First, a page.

PATRICK RUFFINI: We've long known that the most powerful thing in determining how you'll be influenced to vote is a recommendation from a friend. And the ability to see, in your Facebook news stream, somebody taking action on behalf of a campaign who's a trusted connection of yours, is something that everybody who's going to be active this year is going to want to look to harness.

NAYLOR: The campaigns are very interested in where we go online, whether it's Facebook or a news site. And if you've ever wondered how it is that campaign banner ads seem to pop up on every site you visit, blame one of those little data markers in your browser, the cookie. Visit a campaign's website, Sifry says, and you get one, which gets shared with other websites you visit.

SIFRY: The cookie that they've placed on your site from visiting their website is telling those other websites hey this is a person who visited the Barack Obama website, let's show him one of those Obama ads.

NAYLOR: Sifry says there's a danger of a backlash, that voters might feel they're being stalked by a campaign. Nevertheless, the Obama campaign has spent almost $19 million for online advertising already, compared with a little more than $3 million on TV ads.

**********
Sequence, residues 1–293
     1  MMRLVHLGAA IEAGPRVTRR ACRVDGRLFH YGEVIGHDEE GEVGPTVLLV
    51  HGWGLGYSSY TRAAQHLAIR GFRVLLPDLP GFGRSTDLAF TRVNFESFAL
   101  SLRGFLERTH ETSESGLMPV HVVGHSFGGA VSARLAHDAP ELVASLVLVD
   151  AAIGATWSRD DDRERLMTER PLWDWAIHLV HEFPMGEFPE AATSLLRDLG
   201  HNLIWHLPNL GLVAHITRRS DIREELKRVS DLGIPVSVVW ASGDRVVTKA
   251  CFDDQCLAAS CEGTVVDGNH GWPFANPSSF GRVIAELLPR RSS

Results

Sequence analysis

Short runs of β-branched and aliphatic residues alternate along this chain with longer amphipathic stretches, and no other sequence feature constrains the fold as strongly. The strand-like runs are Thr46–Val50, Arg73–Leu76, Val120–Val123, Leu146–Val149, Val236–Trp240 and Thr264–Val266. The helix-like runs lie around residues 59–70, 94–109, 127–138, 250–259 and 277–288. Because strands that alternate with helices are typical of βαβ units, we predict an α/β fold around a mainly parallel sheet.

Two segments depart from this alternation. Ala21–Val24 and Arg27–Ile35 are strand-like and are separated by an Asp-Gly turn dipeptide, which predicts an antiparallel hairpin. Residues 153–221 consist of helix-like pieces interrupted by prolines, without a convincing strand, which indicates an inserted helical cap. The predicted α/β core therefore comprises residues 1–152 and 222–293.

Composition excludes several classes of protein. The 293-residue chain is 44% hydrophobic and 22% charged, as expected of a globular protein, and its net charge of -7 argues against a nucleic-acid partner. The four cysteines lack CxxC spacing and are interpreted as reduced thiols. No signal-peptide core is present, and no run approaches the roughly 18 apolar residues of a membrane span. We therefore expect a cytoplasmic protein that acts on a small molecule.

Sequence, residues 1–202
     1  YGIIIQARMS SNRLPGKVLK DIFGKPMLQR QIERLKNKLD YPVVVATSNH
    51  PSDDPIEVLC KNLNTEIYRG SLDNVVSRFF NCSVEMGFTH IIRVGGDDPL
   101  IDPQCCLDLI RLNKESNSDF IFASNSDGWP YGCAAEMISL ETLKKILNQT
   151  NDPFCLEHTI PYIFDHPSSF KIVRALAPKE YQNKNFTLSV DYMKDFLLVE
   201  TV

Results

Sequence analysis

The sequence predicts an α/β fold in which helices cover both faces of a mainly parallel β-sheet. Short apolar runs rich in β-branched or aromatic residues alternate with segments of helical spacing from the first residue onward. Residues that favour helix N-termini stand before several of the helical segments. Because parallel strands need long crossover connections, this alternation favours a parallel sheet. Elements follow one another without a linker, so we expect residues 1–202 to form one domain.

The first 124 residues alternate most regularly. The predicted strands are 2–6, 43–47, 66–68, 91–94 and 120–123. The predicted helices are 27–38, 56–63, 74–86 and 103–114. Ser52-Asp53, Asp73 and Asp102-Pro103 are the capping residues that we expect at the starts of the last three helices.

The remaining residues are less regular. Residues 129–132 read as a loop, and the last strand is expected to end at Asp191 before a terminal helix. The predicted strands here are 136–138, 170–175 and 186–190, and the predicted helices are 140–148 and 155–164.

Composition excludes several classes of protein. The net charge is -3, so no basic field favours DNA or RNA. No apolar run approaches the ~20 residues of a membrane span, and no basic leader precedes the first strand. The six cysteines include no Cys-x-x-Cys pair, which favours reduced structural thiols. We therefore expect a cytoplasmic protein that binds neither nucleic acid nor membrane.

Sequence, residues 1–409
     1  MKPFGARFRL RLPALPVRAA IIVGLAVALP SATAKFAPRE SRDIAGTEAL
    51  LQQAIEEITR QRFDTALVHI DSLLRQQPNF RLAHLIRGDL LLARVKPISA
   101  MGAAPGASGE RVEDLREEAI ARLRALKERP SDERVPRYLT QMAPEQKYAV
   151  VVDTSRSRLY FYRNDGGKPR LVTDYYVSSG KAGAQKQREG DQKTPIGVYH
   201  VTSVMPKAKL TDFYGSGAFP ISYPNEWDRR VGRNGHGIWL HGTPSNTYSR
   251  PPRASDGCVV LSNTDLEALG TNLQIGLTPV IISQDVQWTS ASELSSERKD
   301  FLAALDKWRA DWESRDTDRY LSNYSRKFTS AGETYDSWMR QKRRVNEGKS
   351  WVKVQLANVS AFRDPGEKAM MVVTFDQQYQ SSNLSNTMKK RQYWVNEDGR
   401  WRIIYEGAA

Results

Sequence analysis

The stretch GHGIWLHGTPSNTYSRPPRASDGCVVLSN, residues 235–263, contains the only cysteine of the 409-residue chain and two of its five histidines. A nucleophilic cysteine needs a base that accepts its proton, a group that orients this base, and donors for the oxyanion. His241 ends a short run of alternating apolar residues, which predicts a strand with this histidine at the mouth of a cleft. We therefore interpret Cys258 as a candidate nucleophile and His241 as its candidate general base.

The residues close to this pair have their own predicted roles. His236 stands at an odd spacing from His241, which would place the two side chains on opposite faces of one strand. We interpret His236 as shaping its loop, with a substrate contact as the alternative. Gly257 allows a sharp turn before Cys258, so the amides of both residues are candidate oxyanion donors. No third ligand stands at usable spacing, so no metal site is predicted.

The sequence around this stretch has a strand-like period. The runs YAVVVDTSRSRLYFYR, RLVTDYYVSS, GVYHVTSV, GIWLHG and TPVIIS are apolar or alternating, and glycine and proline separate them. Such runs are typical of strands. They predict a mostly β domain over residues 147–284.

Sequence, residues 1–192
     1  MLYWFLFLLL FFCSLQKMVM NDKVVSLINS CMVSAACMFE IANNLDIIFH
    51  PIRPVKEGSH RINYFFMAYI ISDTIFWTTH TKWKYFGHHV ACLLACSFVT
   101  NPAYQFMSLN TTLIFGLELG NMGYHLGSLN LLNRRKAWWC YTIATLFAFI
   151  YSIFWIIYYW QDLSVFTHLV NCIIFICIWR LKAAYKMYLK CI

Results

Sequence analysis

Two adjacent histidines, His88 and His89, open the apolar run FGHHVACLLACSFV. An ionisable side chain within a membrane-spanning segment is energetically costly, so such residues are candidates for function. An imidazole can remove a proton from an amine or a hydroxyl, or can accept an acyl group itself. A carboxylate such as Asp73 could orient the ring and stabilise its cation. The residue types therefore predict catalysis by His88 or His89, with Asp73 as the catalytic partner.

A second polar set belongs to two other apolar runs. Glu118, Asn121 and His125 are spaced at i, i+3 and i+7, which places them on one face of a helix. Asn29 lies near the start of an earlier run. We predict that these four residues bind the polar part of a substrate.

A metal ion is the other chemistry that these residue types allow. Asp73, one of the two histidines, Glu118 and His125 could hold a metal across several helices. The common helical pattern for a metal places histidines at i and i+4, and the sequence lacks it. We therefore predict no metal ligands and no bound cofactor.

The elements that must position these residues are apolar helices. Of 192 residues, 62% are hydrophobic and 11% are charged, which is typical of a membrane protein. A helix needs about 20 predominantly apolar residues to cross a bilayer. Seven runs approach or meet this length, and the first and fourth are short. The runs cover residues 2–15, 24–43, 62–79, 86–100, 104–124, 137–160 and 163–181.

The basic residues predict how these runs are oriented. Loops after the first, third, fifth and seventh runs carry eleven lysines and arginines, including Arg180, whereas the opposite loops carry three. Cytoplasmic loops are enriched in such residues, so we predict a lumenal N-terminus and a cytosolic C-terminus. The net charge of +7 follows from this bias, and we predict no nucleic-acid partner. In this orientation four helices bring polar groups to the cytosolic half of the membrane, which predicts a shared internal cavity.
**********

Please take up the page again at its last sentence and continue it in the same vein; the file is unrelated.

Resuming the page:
One reason the Obama campaign is spending so much on the web now, is to rekindle the online relationships it had four years ago with the 13 million or so email addresses it collected, where as Romney has had to concentrate on winning primaries. But as Sifry points out, great tools don't elect candidates, you still need a great candidate with a great message.

Still, in a close race, using data gathered online to turn out a few more of your voters could make the difference.

Brian Naylor, NPR News, Washington.

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INSKEEP: It's MORNING EDITION from NPR News. Transcript provided by NPR, Copyright NPR.